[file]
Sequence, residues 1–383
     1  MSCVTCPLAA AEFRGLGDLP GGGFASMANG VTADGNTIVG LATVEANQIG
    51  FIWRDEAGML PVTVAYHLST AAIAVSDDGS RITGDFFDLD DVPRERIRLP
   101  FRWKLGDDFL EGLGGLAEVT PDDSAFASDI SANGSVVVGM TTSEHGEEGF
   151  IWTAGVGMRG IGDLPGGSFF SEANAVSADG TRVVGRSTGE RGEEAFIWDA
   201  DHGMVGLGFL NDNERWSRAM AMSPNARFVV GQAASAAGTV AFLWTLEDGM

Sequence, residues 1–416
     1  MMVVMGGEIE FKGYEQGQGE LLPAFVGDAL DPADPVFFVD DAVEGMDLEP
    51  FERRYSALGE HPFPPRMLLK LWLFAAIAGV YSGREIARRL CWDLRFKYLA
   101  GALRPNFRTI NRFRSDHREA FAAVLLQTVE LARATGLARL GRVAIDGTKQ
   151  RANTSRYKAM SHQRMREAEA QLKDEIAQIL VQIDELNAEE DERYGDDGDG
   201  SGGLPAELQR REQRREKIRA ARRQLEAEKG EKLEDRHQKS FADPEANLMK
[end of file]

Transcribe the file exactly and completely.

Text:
Sequence, residues 1–383
     1  MSCVTCPLAA AEFRGLGDLP GGGFASMANG VTADGNTIVG LATVEANQIG
    51  FIWRDEAGML PVTVAYHLST AAIAVSDDGS RITGDFFDLD DVPRERIRLP
   101  FRWKLGDDFL EGLGGLAEVT PDDSAFASDI SANGSVVVGM TTSEHGEEGF
   151  IWTAGVGMRG IGDLPGGSFF SEANAVSADG TRVVGRSTGE RGEEAFIWDA
   201  DHGMVGLGFL NDNERWSRAM AMSPNARFVV GQAASAAGTV AFLWTLEDGM

Sequence, residues 1–416
     1  MMVVMGGEIE FKGYEQGQGE LLPAFVGDAL DPADPVFFVD DAVEGMDLEP
    51  FERRYSALGE HPFPPRMLLK LWLFAAIAGV YSGREIARRL CWDLRFKYLA
   101  GALRPNFRTI NRFRSDHREA FAAVLLQTVE LARATGLARL GRVAIDGTKQ
   151  RANTSRYKAM SHQRMREAEA QLKDEIAQIL VQIDELNAEE DERYGDDGDG
   201  SGGLPAELQR REQRREKIRA ARRQLEAEKG EKLEDRHQKS FADPEANLMK